Therefore the subject-matter of process claim 1 of the new first auxiliary request also lacks an inventive step.
Reasons for the Decision
The appeal is admissible but not allowable.
1. Admissibility of amendments (Articles 123(2) and (3) EPC)
The Board is satisfied that the amendments of claim 1 of the new main request - which are based on a combination of claims 1, 2 and 5 as granted being identical with claims 1, 2 and 5 of the application as originally filed (corresponding to the published WO-A-97 25451) - and claim 1 of the new first auxiliary request - which compared to claim 1 of the main request has been further restricted by additional features having a basis at page 3, lines 26 to 28, page 4, lines 17 and 18 and page 5, lines 4 and 5 of the application as originally filed - comply with Articles 123(2) and (3) EPC since claim 1 as granted has been restricted by these amendments.
2. Inventive step (Article 56 EPC)
2.1 The Board comes to the conclusion that claim 1 of the main request lacks inventive step over the disclosures of D1 and D5 and the common general knowledge available to the skilled person for the reasons that follow:
2.2 Both parties agree to consider D1 as the closest prior art for process claim 1 of the new main request. The Board has no reason to object to the selection of this document since D1 - also from the Board's view - represents the most promising springboard towards the invention (see Case Law of the Boards of Appeal of the European Patent Office, 5th edition, 2006, section I.D.3.4). D1 had already been identified as a starting point in the description of the application as originally filed underlying the patent in suit (see patent specification, paragraph ) and the technical problem to be solved in view of D1 has been defined in paragraph  of the patent specification as being the provision of "an improved process for the production of sputtering targets comprising sub-stoichiometric TiO2 which does not involve the hot-pressing and sintering route of JP-A-07-233469 (=D1) and which can be used to produce such targets which have a high enough electrical conductivity to be used as large size targets with complex shapes at high power levels".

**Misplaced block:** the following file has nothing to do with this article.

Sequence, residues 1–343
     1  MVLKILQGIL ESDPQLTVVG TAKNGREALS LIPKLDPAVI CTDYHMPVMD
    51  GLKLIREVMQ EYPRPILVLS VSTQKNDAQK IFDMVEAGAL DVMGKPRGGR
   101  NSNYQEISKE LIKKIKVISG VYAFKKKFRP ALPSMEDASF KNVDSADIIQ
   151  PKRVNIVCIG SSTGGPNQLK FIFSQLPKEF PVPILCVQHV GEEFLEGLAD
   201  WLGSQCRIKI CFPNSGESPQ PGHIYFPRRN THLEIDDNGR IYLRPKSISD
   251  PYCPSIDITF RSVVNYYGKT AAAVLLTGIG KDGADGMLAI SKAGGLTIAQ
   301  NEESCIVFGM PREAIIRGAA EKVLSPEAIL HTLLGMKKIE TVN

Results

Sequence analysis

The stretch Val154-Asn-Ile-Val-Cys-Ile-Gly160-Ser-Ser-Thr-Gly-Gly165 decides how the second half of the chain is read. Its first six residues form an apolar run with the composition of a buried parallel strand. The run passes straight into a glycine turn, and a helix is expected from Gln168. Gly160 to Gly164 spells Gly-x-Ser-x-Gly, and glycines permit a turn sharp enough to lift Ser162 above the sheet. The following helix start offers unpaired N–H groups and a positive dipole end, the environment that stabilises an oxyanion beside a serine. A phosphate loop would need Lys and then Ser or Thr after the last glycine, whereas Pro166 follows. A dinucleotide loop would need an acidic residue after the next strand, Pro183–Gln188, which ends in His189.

2.3 D1 relates to the manufacturing of a sputter target for DC sputtering having a specific resistivity of not more than 10 ohm.cm. D1 states that the target "can be prepared" by hot-pressing TiO2 powder (see page 9, paragraph ). The described process includes hot-pressing of a titanium dioxide powder in a non-oxidizing atmosphere and sintering the resulting compact so that the resulting sputtering target comprises TiOx with (1< x < 2), which preferably is metal-bonded to a copper-backed plate (see claims 1 to 7; pages 5-6, paragraph ; page 8, paragraph , page 10, paragraph ; page 12, paragraph ). The target material may comprise less than 50% by weight of metal oxides other than TiOx (see page 9, paragraphs  and ). The sintering in atmosphere having an extremely small oxygen partial pressure results in a sintered oxide having an oxygen defect (see page 11, paragraph ). According to the examples 1-7 high purity TiO2 powder was hot-pressed at a temperature of from 1100-1400ºC in an Ar atmosphere for 1 hour at 50 kg/cm**(2) (see pages 11-12, examples 1-7). According to examples 14 and 23 to 25 targets comprising mixtures of TiOx and 20% by weight Nb2O5 were produced at 1200ºC in Ar atmosphere at 50 kg/cm**(2) (see pages 14-15, paragraph ). The targets had resistivities of between 0.35 and 0.12 ohm.cm (TiOx) and 0.37 ohm.cm (TiOx and Nb2O5), respectively (see Tables 1 and 3).